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GE - Death To Monsanto, Say World Scientists

[This is top story on today's OneWorld News -
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AGRICULTURE: Death To Monsanto, Say World Scientists 

By Ranjit Dev Raj NEW DELHI, Mar 11 (IPS) - Conscientious genetic engineers
and activists from across the world Thursday called for a slow but sure
death for Monsanto, the U.S seed giant they say threatens life on earth
with its genetically modified crops. 

''It must be death by a thousand cuts,'' said Tony Clarke, director of the
Polaris Institute in Canada which assists social movements to develop
tools, skills and strategies for fighting economic globalisation and
corporate power. 

Clarke was among participants selected to devise future strategies against
'Genetic Engineering and Patents on Life' at the close of the two-day
'Biodevastation II' meet here. 

Monsanto figured high on the agenda because of stiff resistance put up in
this country by farmers and activists to field trials in 40 widely separate
locations of genetically engineered Bt cotton carried out by the
corporation on doubtful authorisation. 

Said Pushpa Bhargava, a distinguished India biotechnologist who has the
French Legion d'Honneur to his credit, ''clearance for the trials should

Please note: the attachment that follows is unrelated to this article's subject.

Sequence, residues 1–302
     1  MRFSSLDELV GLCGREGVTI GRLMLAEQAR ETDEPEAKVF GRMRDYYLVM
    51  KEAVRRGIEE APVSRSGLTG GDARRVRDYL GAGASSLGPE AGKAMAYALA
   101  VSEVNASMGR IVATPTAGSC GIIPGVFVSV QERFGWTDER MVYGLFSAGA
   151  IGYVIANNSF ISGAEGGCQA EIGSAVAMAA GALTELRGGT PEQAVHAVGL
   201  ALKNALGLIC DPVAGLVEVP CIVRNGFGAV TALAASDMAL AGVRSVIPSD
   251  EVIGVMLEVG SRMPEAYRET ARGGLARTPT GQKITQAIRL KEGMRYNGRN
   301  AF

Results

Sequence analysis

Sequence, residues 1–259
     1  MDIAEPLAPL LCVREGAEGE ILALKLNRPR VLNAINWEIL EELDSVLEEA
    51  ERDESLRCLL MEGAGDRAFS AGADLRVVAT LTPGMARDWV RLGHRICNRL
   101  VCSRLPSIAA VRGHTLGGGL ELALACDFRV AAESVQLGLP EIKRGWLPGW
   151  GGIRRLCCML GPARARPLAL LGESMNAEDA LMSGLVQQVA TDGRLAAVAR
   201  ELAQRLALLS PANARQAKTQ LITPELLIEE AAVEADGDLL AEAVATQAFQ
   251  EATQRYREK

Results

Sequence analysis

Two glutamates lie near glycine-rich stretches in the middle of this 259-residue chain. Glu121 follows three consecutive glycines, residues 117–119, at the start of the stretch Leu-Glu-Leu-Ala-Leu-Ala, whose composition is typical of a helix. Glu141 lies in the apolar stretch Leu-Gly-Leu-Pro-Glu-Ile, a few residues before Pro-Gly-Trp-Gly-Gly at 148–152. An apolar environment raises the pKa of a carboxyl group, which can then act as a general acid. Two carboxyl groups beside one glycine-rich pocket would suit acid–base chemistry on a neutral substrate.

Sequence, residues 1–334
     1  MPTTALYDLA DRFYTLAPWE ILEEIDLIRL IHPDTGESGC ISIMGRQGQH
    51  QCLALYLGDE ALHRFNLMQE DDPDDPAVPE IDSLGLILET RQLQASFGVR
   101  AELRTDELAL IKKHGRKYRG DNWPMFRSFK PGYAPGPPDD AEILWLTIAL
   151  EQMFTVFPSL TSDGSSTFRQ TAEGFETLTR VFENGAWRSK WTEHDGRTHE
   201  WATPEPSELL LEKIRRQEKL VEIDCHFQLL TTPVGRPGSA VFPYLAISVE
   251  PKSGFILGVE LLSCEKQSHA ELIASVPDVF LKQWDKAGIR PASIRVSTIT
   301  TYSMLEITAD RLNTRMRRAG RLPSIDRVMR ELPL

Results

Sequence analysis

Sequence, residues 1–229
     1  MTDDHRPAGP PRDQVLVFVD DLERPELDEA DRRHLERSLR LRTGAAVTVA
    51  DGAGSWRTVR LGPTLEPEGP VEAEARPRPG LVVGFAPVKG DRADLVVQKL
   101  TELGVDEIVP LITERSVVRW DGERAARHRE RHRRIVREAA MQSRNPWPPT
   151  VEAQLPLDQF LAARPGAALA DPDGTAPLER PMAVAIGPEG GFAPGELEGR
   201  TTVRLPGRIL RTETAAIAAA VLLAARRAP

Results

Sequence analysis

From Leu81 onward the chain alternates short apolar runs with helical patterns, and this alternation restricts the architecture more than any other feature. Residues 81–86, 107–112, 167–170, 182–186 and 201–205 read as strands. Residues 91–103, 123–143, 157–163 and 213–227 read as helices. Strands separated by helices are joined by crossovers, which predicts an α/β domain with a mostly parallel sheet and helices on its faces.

have come from Indian Council of Agricultural research (ICAR) - instead
clearance came from the Department of Biotechnology and after the trials
had begun.'' 

Under pressure from Monsanto, India has also been forced to freely import
genetically modified crops such as soyabeans and foist it on an
unsuspecting consuming public without proper labelling. 

''The only way to tackle Monsanto which has 300 million dollars to play
around with and regularly buys out scientists and policy makers is to
slowly bleed it by burning crops, sueing it in court and occupying its
offices,'' Clarke advised. 

Endorsing the strategy, Claude Alvarez, an Indian activist said ''Gandhi
taught us to break to break immoral laws and explain later in court.'' 

Alvarez said the best place to begin the fight against biotechnology giants
was in India itself where Gandhi perfected civil disobedience and where
patents are routinely ignored. ''We should teach Monsanto a lesson right
here,'' he said. 

The Research Foundation for Science, Technology and Environment which
hosted Biodevastation II has filed a writ petition in the Indian Supreme
Court against the government for allowing Monsanto to carry out trials

In response, participants from Malaysia, Japan, Bangladesh, U.K, Germany,
Austria, Norway, France, U.S, Sri Lanka and Belgium pledged support for the
local efforts to stop Bt Cotton trials and the 'Monsanto, Quit India'

Farhad Mazhar, from the 'UBINIG' group in Bangladesh reminded participants
that South Asia had one of the last remnants of traditional farming carried
out by small farmers whose knowledge and seeds can ''recreate sustainable
agriculture from the ashes that will be left behind by multinationals.'' 

Mika Iba, leader of the Seikotsu Club, a 300,000-member consumer
cooperative from Japan said her organisation would now work to help farmers
in southern Andhra Pradesh who were ruined through adoption of Monsanto's

Immediately before the meet began Wednesday, Iba and 17 other members of
the Seikotsu club toured the Warangal district of Andhra Pradesh where
several hundred farmers committed suicide last year after their crops failed. 

''We saw huge differences between farmers in Japan and India but we also